“I’d like to share the important take-away from my daily mission report as the opening of today’s communications.
“For the past 5 days, I have watched four people who met a week ago in person live together in close quarters in a Habitat that at times has felt scary, inaccessible, and exhausting. But we have also seen the great in this place: found work arounds, engineered things, problem solved, got creative, reflected on our life on the Moon, and made some damn good bread.
“On the eve of our final day in space, I am proud of my crew for how much we have adapted and all that we have learned. I am proud of them for believing in our mission, even if at times that felt daunting and frustrating. I’m proud of Sheri for playing and recording instruments in the lung. I am proud of Bailey for sharing her Rubik’s Cube wizardry. I am proud of Eiman for making sure we’re all in good health after taxing EVAs. I am proud of Sheri for making the Hab more inclusive for blind astronauts of the future. I am proud of Bailey for showing us her passion about ECLSS engineering. I am proud of Eiman for willing to great creative with recipes and food (and for bringing the weird robotic seal, I guess). I am proud to be their commander and I am glad they are my new analog family.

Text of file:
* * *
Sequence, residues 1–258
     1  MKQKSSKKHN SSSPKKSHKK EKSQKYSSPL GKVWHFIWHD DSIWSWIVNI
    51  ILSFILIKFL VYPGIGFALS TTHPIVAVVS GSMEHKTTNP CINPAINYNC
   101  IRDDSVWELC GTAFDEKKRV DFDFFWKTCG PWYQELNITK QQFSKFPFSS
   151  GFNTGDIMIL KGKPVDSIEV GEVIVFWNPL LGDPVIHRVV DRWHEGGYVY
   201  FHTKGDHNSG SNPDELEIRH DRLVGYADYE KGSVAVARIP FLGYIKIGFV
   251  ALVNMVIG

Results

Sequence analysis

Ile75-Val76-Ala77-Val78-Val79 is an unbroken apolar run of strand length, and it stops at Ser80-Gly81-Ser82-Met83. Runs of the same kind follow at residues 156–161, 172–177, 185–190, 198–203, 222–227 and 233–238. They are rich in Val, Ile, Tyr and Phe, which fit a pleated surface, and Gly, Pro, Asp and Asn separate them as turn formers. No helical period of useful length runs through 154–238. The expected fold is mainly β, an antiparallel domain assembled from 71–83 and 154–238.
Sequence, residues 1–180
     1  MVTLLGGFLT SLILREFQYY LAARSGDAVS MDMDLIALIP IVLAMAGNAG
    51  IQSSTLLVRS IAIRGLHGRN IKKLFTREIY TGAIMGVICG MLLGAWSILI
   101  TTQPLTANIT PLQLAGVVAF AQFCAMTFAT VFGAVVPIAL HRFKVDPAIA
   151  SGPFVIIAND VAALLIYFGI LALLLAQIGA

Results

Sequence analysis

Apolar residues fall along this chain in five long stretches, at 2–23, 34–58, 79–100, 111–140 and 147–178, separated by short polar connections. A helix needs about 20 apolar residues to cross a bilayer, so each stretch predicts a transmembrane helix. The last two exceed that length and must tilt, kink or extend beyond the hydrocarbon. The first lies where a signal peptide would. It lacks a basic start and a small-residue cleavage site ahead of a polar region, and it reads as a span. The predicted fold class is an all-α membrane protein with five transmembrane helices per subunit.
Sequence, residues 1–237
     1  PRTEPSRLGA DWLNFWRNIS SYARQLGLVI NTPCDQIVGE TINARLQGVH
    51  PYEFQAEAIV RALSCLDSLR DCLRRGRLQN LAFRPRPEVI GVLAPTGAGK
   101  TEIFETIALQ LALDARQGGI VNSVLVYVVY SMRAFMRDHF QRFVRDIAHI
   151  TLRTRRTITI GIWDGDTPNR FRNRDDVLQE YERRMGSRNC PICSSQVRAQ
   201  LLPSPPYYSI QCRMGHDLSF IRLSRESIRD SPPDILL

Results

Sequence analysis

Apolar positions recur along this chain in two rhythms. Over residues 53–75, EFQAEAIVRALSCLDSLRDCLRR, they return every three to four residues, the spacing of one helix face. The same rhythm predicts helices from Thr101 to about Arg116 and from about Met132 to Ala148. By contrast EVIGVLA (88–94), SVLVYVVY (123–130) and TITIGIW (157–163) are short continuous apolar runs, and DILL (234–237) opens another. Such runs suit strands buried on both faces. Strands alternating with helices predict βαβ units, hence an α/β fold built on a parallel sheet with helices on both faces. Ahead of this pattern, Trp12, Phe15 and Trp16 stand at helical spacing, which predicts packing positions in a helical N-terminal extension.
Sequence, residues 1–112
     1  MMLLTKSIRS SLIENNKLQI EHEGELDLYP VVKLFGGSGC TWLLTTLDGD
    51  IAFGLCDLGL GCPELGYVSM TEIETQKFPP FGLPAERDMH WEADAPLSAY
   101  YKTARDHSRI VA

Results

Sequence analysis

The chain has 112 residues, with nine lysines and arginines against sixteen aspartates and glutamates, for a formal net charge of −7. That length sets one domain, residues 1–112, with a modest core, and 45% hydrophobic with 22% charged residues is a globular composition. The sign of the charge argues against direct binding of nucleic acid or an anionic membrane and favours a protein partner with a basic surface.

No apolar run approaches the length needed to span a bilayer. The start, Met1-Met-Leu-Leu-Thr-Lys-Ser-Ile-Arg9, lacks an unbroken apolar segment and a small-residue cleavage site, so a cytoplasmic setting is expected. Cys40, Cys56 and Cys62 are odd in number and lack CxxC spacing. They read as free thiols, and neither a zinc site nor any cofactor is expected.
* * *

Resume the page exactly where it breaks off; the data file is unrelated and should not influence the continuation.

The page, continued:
“The adaptability and perseverance of Inclusion-1 gives me hope for the success of future crews at the SAM Habitat.” –Cassandra Klos
Please find the following attached reports:
- Inclusion 1 Mission Schedule (please review today and tomorrow)
- Commanders Daily Report
- Medical Officer Daily Report
- Accessibility Officer Daily Report
- Engineer Officer Daily Report
The Engineering spreadsheets and photos will be sent late, as we are working hard to get everything done before egress tomorrow.
> On May 1, 2023, at 5:00 PM, Eric Shear
> Hi, crew. The comm window is open and we are ready to receive your reports.
> In Tucson, it’s 86 degrees F (30 deg C) with 12% humidity and 14-mph (23-kph) winds. The moon is at 82% illumination. It looks like we’ll have a full moon during the Analog Astronaut conference.
> Today’s science news is a bizarre exoplanet that “breaks” all the rules of orbital mechanics. It’s just a sensational headline, as anyone who understands orbital mechanics would know. As written by Brian Koberlein in Universe Today, the exoplanet WASP-131b is a gas giant with a density lower than that of Saturn, and orbits its star at an inclination of 160 degrees. One theory about how this planet got into this odd orbit is the Kozai Effect, which describes dynamical interactions between the planet and its star that might have shifted its orbit over time. This is similar to how Pluto is thought to end up in its inclined orbit, but that doesn’t seem like a good explanation for bigger planets.
> Eric Shear
> ME, Chemical Engineering, University of Florida
> M.Sc, Earth and Space Science, York University
> HB.Sc, Physics and Astronomy, York University